B. Vijaysen Reddy, J.
1. The detention order vide SB(1) No.46/PD-3/HYD/2020 dated 12.02.2020 passed against Habeeb Ali Al Attas, S/o. Habeeb Salam Al Attas, by the 2nd respondent, Commissioner of Police, Hyderabad City, in exercise of powers conferred under Sub-Section (2) of Section 3 of the Telangana Prevention of Dangerous Activities of Bootleggers, Dacoits, Drug Offenders, Goondas, Immoral Traffic Offenders, Land Grabbers, Spurious Seed Offenders, Insecticide Offenders, Fertilizer Offenders, Food Adulteration Offenders, Fake Document Offenders, Scheduled Commodities Offenders, Forest Offenders, Gaming Offenders, Sexual Offenders, Explosive Substances Offenders, Arms Offenders, Cyber Crime Offenders and White Collar or Financial Offenders Act, 1986 (Amendment Act No.13 of 2018) (for short ‘the Act’) and as approved by the State vide G.O.Rt.No.811, General Administration (SPL) Law & Order Department dated 22.04.2020, are challenged in this Writ of Habeas Corpus as being illegal and arbitrary.
2. Heard Mr. A. Prabhakar Rao, learned counsel for the petitioner and Mr. T. Srikanth Reddy, learned Government Pleader for the respondents.
3. Learned counsel for the petitioner submitted that the impugned detention order is passed arbitrarily based on a solitary offence in Crime No.181 of 2019, Shalibanda Police Station, Hyderabad. The detention order is passed mechanically. The bail application of the detenu was dismissed and there is no bail petition pending. Thus, detention order suffers from non-application of mind and unsustainable.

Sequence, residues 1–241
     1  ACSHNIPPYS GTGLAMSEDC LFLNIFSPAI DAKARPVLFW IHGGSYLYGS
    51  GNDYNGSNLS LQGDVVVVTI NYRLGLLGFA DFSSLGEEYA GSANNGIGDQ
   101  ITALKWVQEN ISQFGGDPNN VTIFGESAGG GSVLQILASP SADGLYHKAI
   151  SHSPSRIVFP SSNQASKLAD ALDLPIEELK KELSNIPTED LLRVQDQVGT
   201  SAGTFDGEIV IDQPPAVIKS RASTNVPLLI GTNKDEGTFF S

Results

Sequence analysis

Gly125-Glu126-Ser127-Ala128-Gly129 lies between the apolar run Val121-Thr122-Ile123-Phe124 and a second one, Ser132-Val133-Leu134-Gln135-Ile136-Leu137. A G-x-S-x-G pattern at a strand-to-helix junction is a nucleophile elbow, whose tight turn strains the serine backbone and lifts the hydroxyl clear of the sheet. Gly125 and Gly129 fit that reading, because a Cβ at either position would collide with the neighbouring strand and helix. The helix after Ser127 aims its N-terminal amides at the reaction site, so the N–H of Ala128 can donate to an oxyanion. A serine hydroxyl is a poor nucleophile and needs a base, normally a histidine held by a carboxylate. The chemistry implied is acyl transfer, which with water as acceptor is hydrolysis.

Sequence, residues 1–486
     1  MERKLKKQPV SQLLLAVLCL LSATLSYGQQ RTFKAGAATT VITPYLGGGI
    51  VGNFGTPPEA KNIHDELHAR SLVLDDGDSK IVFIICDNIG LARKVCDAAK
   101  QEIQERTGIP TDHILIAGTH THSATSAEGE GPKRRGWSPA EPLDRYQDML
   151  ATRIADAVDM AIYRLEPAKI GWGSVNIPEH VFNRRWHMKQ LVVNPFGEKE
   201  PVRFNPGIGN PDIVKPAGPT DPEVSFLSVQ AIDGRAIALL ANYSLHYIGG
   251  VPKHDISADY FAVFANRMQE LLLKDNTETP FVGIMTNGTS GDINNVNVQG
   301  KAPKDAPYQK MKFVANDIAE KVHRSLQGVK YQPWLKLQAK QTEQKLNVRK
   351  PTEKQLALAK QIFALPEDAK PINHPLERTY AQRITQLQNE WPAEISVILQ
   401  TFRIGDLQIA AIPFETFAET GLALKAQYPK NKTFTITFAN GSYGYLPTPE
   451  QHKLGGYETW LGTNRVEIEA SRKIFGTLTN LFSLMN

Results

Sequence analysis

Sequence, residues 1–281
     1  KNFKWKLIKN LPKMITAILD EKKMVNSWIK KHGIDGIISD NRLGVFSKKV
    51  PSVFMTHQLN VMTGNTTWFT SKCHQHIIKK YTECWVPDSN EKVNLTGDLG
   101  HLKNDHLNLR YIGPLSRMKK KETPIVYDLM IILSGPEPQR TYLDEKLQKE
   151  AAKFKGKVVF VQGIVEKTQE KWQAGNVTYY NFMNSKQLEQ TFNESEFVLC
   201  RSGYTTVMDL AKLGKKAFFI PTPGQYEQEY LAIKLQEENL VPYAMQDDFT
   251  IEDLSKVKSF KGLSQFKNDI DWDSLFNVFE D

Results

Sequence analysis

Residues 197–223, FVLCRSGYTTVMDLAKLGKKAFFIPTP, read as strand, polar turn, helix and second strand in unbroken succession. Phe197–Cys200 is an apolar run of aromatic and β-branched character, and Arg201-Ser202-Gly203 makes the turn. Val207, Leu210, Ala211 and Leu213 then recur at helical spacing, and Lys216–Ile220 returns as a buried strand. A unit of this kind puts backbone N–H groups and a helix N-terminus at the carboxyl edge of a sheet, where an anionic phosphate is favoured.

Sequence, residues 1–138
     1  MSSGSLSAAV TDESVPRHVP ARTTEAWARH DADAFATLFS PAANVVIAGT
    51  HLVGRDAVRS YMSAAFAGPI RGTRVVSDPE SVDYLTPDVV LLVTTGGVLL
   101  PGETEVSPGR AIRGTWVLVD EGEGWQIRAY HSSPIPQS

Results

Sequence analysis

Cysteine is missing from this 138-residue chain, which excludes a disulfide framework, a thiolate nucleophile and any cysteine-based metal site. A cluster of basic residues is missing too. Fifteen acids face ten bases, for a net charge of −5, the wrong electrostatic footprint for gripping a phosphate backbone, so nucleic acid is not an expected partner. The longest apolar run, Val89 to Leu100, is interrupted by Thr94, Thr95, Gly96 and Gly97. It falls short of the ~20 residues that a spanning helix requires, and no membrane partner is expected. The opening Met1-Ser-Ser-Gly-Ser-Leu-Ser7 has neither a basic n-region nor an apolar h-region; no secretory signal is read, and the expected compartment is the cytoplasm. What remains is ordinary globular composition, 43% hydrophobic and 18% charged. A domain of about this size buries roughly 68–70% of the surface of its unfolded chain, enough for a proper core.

4. Per contra, the learned Government Pleader submitted that the detenu has indulged in unlawful activities and committed an offence of peddling of Ganja, a narcotic drug, endangering the lives of youth, causing irreparable damage to their body organs including central nervous system, thereby, crippling the health of those, who are addicted to drugs. The activities of the detenu spread danger to public health and are detrimental to the public order in the limits of Hyderabad Commissionerate. The detention order was passed in larger public interest by following procedure duly established under law. Based on the confessional statement of the detenu, the Police seized 350 kgs., in 10 bags, each bag weighing about 35 kgs., procured from Chitrakonda village of Vishakapatnam district and were transporting the same to Hingoli of Maharashtra state to sell the same to one Manoj Agnihothri and later, the detenu was remanded to judicial custody. Therefore, the detenu squarely answers the description of the ‘Drug-Offender’ as defined under Section 2(f) of the Act.